Just when I thought it was safe and told myself, "You have all the lenses you need for right now", THIS comes along. LBA is indeed a formidable foe. Forgive these photos as they were made in haste!
This mystery lens showed up on my local craigslist the other day along with some very ambiguous images depicting the behemoth towering beside a drawn out tape measure. "3 foot lens" the ad stated with no real details as to the brand or focal length of the lens. Fortunately the location of the post was in my city (as opposed to the entire St. Louis Metro area)! Being the camera junkie that I am, I quickly contacted the gentleman and arranged to meet. So we met up at a local gas station and as I pulled up and parked he was already walking over to my car with this massive 3 foot beast! I just about gasped at the actual sight of the thing.
He had no idea what this thing was, and neither did I! The optic had inscribed on the side, "Century Tele-Athenar U.S.A." Elsewhere on the lens was a distance scale that went from ∞ to 125' (just learned how to make the ∞ symbol on a mac ALT+5, heyo!) You read correctly, minimum focus of 125'. A large aperture ring also was inscribed with f/5.6 down to f/45. Then I found it, the focal length. 1000mm. A 1000mm f/5.6!
I had a tough time managing to hold the lens at the right angle with the sun in order to peer down into the gaping bolted-on hood. But when I did, I saw a finely crafted, silvery 20-bladed aperture.
I could tell this was a rare find! I did have some reservations though. I get excited at the sight of older, more heavy-duty made lenses. But reality is they are often optically inferior to the new glass. While I like to consider myself something of a collector (though my funds hardly allow me to buy many of the items on my dream list haha), I am also a fairly practical person. I can't spend a ton of money on an old inferior lens just because it has my favorite metal crinkle-finish covering the entire outer barrel... when for the same amount, I could get brand new optical designs that are actually portable, weather-resistant, flare-resistant, sharp to the corners, etc.
So the bad/practical: I found some gunk on the rear element. There was no mount aside from what appeared to be an arbitrarily sized thread and the filter holder was missing. The thing is huge! There was no discernible tripod mount. Merely two large bolted-on stands or feet with large deep threads indicating some mount was at one time installed but no longer. I will need to fabricate something just to be able to mount this lens onto a tripod. Yes the reality of this lens was that I still have no idea what it was capable of, or if I could even use it at all!
Seeing as how I had more of an idea of what this lens was than the gentleman selling it, and that was next to no idea, I made an offer. We agreed he could probably make more by selling it elsewhere and I offered he do so since my price was modest relative to the shear size of this thing. But he needed the money and seemed happy I was more interested in making the thing work instead of trying to make a profit off of it. So the deal was made!
I have the lens next to the Panasonic GF1 in the title image but here is another comparison to give you some scale of this behemoth.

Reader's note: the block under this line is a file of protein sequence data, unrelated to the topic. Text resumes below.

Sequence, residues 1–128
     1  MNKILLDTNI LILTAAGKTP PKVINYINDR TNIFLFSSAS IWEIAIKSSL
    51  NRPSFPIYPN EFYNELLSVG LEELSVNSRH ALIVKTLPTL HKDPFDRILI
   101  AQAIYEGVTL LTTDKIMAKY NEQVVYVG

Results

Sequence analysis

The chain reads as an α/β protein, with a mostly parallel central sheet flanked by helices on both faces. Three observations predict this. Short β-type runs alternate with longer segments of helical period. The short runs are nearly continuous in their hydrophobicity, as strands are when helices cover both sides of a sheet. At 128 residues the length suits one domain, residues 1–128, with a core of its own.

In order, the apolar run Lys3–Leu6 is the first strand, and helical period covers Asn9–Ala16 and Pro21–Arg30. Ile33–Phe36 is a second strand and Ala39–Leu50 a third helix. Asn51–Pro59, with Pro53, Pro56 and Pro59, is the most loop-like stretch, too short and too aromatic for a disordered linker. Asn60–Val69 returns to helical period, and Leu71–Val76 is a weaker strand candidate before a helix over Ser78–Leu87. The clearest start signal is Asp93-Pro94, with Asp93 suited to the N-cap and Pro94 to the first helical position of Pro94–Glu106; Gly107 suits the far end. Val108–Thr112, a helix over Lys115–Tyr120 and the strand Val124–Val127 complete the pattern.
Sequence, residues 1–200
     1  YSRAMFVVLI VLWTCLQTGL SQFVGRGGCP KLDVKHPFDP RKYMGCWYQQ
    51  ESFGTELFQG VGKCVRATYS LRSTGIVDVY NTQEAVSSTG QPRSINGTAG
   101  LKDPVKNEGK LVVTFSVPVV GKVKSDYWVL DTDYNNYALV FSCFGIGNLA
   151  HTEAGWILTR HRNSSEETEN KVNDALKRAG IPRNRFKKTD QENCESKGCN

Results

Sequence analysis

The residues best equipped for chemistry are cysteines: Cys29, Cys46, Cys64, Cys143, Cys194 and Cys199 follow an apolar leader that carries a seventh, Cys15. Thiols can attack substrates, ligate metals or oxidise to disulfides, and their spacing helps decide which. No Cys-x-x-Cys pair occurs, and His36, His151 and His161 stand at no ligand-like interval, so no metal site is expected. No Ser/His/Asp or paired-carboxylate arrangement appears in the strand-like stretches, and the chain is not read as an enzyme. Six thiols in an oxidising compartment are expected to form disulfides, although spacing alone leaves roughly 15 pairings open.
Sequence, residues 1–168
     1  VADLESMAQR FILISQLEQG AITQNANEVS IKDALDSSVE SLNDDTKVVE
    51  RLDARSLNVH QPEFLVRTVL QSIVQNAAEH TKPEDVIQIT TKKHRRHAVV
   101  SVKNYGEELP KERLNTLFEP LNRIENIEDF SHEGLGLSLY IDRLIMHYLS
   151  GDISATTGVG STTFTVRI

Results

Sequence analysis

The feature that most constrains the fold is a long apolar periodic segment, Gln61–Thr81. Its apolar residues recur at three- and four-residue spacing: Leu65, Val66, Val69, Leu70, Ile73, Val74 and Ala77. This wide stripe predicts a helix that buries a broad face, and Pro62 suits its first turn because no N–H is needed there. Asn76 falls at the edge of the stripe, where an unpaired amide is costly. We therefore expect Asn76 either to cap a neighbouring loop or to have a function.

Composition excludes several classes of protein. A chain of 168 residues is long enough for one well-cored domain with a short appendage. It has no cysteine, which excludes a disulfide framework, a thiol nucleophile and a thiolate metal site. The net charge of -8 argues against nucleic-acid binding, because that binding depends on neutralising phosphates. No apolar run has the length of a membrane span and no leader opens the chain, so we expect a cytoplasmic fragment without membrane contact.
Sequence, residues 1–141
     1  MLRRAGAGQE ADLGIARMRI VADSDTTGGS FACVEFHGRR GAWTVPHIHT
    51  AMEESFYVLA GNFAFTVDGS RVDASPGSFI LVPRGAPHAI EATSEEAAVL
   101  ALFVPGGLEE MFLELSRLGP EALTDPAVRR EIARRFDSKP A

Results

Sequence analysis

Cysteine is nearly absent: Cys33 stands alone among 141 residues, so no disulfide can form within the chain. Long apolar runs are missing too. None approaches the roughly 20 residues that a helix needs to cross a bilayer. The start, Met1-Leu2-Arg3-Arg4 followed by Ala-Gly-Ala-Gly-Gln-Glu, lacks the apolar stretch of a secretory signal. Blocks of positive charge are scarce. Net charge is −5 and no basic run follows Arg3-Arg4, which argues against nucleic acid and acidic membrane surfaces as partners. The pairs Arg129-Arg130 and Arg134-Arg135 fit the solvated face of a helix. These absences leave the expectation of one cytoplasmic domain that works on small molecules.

Now that I have this unknown beast lying in my room I began scouring the web and posting questions on Flickr pages of people who have other Tele-Athenars. I posed a query on the Manual Focus Lenses Forum. And I even e-mailed Schneider-Kreuznach, the company that now owns Century Precision Optics. Here is what I learned:
Century Precision Optics used to make these optics for the motion picture industry. These large and unwieldy pieces of glass were mounted with motion picture cameras on the big camera rigs, which makes complete sense given their size. Often contracted by film studios or the U.S. military, Century did not deal a whole lot with the general consumer. So these lenses were often high-grade optics. Following the first line of Tele-Athenars, Century produced a Tele-Athenar II line after gaining some more interest among the still photographers who were trying to adapt some of these original optics for still photography. The Tele-Athenar II line was apparently more manageable with better focusing mechanisms that photographers were more familiar with.
Also, in regards to the mount. These lenses typically had a Century-made adapter that went from the seemingly arbitrary thread size I noted at the rear of my lens, to a C-mount or a T-mount. These universal mounts allowed the lenses to be utilized on a wide range of recording devices. Schneider got back to me with an e-mail response stating that while the Tele-Athenar line has since been discontinued, they have maintained the rear thread mount and still carry the necessary part which I could use to get the lens down to a T-mount, and then a T-mount to Nikon F for use with my DSLR. They have the parts!
So it will be a bit before I get this up and running but the future is optimistic for this lens. I am thrilled to have it and will keep everyone posted on the results so that in the off-chance you come across something similar in your pursuit to quench the pangs of LBA, you will know more about just what it is you are looking at!
Here is a snippet from a book about some of the Tele-Athenar II line and Century Precision Optics.